It is commonly understood and accepted that, for infants and young children, frequent time and contact with both parents is important.  For parents that the child knows, and has bonded with (for example, parents that resided in the same household before the split, parents that were sharing time with the child, etc.), this can even mean sharing overnights with the minor child.  There are studies that have shown the routine of bedtime itself can provide a bonding experience for the child and the parent.  Therefore, it is not always just about the amount of time a parent can have with the child but the type of parenting time that is best for the child.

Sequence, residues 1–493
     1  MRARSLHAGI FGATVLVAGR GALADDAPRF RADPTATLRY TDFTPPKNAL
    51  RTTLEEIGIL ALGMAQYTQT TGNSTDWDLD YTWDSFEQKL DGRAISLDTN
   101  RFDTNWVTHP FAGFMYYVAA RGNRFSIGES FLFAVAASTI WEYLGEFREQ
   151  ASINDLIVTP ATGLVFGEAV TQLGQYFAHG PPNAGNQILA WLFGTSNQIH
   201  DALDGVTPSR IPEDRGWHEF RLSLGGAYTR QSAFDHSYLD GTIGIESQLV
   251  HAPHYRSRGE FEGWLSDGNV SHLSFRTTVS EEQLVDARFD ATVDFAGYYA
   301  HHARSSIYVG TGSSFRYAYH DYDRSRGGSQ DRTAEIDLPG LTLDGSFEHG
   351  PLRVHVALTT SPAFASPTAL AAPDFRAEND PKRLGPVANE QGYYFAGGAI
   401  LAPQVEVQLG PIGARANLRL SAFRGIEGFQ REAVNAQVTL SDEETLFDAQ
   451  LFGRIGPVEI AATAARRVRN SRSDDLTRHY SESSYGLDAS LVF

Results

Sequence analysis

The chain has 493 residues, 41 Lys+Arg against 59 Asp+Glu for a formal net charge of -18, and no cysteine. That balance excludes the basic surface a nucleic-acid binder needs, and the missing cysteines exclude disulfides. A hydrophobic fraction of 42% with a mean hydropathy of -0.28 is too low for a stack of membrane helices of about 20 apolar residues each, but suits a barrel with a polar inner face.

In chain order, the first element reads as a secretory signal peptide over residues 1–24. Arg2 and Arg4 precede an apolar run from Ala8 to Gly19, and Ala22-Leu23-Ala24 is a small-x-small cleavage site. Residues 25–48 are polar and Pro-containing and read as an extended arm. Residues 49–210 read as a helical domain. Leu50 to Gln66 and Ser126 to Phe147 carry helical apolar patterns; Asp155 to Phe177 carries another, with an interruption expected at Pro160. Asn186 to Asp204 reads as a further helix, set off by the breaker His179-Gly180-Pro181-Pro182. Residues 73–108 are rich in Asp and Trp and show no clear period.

Additionally, while common concerns are raised about a child’s feeding schedule, naptime, etc., they are not determinative of parenting time.  For example, just because one parent breastfeeds, it does not prevent the other parent from having frequent, and even overnight, parenting time with the minor child.  This is not to say that breastfeeding is not important or relevant as relates to development and security and it is something to be discussed with your attorney.  That said, generally the court is very aware that there are other ways to provide sufficient nutrients to the child and, therefore, often do not find the breastfeeding argument persuasive when determining parenting time.  Similarly, a child’s naptime is not determinative of parenting time and does not form a basis to limit one parent’s time.  Unless one parent is living in a situation where there is not a safe place for the child to nap, the court is aware of the fact that the child can nap at either parent’s residence and that, often, learning to nap in both homes help the child develop a bond, and become comfortable at, both homes.  The court will often be cognizant of the child’s naptime when determining the exchange times, though, so as to not order an exchange during naptime.